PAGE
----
So what can you do? Make sure your windows are tightly sealed, meaning that any caulking and weather stripping around them is still intact post-winter. If you notice condensation forming on the surface of the windows, the seal has likely been compromised. You may want to consider updating your windows to quality, double- or triple-glazed, insulated windows with a high energy rating, especially if you live in an older home.

Prep your home from the inside

In addition to assessing the exterior condition of your property, there are several things you can do inside.

Clean, clean, clean

While dreaded by most, spring cleaning is actually quite necessary to ensuring a healthy and safe home. Among other tasks, it includes washing your windows, getting rid of extra stuff, organizing your closets, dusting and vacuuming, washing you furniture, curtains and other fabrics, and wiping away kitchen grease.

Why is spring cleaning so important? Besides the obvious, carefully cleaning every part of your home requires you to pay close attention to what you’re doing, allowing you to notice damage that’s usually overlooked. This can include missing grout, water damage and mold.

Inspect your basement

Basements often experience above-normal relative humidity due to poor ventilation. They’re also extremely prone to leaks and flooding, making them the ideal breeding ground for mold.

If water penetration is a concern for you, check your basement walls for cracks that could be allowing water from outside to seep into your home. You should also keep an eye out for condensation on walls, water stains and musty odours—these are all signs of a moisture problem and, quite possibly, mold growth.

Also, if you feel that the relative humidity in your basement is higher than normal, consider investing in a dehumidifier or even an all-in-one ventilation unit.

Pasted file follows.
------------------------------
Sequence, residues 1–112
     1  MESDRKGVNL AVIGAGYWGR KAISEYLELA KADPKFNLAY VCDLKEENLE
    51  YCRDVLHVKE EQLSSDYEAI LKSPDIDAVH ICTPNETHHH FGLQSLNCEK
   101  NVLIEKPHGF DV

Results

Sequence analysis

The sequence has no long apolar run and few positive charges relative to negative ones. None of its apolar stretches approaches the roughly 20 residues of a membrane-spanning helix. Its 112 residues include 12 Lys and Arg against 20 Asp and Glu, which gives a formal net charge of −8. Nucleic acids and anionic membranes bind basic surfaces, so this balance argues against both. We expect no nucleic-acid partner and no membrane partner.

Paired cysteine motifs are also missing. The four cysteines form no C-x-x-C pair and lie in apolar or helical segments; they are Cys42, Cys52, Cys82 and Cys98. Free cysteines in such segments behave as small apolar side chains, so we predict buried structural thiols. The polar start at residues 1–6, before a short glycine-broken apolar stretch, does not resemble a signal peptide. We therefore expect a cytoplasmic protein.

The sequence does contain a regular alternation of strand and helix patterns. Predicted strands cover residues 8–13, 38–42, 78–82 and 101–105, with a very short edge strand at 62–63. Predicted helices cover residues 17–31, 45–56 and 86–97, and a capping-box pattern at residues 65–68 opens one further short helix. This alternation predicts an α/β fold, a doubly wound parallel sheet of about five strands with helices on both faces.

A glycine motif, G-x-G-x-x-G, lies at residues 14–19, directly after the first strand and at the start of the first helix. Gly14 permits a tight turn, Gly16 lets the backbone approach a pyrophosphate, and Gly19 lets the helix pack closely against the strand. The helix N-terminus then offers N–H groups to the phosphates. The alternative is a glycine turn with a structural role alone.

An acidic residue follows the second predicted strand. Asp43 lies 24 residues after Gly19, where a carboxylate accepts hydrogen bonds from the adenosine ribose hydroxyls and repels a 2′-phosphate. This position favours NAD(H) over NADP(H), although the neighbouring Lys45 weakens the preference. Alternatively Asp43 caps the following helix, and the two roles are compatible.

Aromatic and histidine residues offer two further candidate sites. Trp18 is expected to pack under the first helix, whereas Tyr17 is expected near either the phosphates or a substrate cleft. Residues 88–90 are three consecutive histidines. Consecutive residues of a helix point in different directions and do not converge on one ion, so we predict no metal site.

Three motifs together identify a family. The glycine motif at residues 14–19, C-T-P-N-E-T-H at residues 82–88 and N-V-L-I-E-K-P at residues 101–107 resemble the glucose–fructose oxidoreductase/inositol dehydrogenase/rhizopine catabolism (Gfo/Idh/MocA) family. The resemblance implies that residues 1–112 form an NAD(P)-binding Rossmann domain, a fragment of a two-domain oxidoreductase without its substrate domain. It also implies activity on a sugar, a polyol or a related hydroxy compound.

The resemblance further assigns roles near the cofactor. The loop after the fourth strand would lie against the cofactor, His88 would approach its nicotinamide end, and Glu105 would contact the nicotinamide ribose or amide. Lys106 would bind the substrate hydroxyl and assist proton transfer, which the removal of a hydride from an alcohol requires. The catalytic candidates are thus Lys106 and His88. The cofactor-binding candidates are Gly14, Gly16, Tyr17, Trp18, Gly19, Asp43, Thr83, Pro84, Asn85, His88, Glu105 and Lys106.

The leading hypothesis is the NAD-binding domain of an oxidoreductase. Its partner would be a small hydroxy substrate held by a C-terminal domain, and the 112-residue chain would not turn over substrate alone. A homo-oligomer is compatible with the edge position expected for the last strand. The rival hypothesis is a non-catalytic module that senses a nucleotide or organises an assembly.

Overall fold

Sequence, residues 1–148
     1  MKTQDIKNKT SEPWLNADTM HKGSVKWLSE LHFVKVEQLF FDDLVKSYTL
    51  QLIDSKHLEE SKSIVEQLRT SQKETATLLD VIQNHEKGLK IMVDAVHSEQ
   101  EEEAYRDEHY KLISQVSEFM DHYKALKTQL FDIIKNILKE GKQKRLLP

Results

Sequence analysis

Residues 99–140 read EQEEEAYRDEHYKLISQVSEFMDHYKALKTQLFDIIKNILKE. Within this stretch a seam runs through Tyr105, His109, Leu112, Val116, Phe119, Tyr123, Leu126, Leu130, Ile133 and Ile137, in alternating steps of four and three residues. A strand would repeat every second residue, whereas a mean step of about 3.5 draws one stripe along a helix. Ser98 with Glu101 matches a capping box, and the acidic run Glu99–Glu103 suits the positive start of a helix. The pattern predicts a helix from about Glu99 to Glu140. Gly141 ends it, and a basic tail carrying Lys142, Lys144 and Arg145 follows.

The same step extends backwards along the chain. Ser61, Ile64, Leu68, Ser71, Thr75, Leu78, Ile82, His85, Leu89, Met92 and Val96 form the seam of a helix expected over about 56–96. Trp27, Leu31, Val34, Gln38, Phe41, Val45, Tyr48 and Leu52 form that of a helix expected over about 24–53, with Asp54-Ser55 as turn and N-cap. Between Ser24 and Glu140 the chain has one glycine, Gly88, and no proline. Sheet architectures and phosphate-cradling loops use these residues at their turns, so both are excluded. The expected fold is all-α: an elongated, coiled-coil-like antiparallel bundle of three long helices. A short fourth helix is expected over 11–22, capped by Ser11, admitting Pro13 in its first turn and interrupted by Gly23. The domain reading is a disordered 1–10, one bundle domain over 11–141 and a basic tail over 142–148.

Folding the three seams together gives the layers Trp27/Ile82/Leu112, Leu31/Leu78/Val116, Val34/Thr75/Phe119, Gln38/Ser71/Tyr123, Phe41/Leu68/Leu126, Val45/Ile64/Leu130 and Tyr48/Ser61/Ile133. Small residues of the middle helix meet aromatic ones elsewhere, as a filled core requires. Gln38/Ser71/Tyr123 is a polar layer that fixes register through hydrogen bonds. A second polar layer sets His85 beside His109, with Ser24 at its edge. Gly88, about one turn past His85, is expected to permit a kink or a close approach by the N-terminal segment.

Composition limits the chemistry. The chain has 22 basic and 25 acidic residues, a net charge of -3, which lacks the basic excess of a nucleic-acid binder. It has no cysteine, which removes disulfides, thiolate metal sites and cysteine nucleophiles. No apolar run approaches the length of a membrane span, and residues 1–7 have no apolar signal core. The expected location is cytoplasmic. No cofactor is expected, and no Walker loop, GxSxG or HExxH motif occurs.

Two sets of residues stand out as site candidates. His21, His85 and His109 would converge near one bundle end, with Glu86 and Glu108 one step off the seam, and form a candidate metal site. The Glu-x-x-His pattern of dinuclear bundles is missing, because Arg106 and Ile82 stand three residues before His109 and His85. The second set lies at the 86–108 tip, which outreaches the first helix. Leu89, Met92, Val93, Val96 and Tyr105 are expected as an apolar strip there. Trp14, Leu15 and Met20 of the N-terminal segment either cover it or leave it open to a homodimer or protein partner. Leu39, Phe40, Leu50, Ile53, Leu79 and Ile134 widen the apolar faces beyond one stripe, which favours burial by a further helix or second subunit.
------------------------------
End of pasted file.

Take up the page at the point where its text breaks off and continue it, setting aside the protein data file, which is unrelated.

Check your attic

Any damage done to your roof during the winter will likely leave its mark in your attic. That’s why it’s crucial that you inspect your attic in the spring for signs of leaks, water damage, pests and other critters.

If ignored, a wet attic can quickly turn into a breeding ground for black mold, eventually compromising the air quality in the entire home. If you see any grey, green or black spots on the walls, floors or building materials of your attic, you likely have a mold problem and should hire a professional mold removal company as soon as possible.

To prevent toxic mold problems before they start, you need to properly insulate and ventilate your attic as well as to address excess moisture and water leaks immediately.

Prepare your air conditioning unit

Before you start your air conditioner for the first time this year, make sure it’s ready. This means changing the filter, vacuuming any accumulated dust, checking the hose connections, and ensuring the unit is draining properly.

Keep in mind that mold can grow inside the damp interior of air conditioning units. So, before turning your A/C on, make sure there’s no mold inside; otherwise, you will be releasing toxic mold spores into the air and breathing them in. Not good.


While spring is a welcome change to most Ottawa homeowners, warmer temperatures, melting snow and sunshine also present some risks to the structural integrity and safety of our homes.

This home maintenance checklist should serve you well, and if you come across any more serious issues, don’t hesitate to seek professional advice.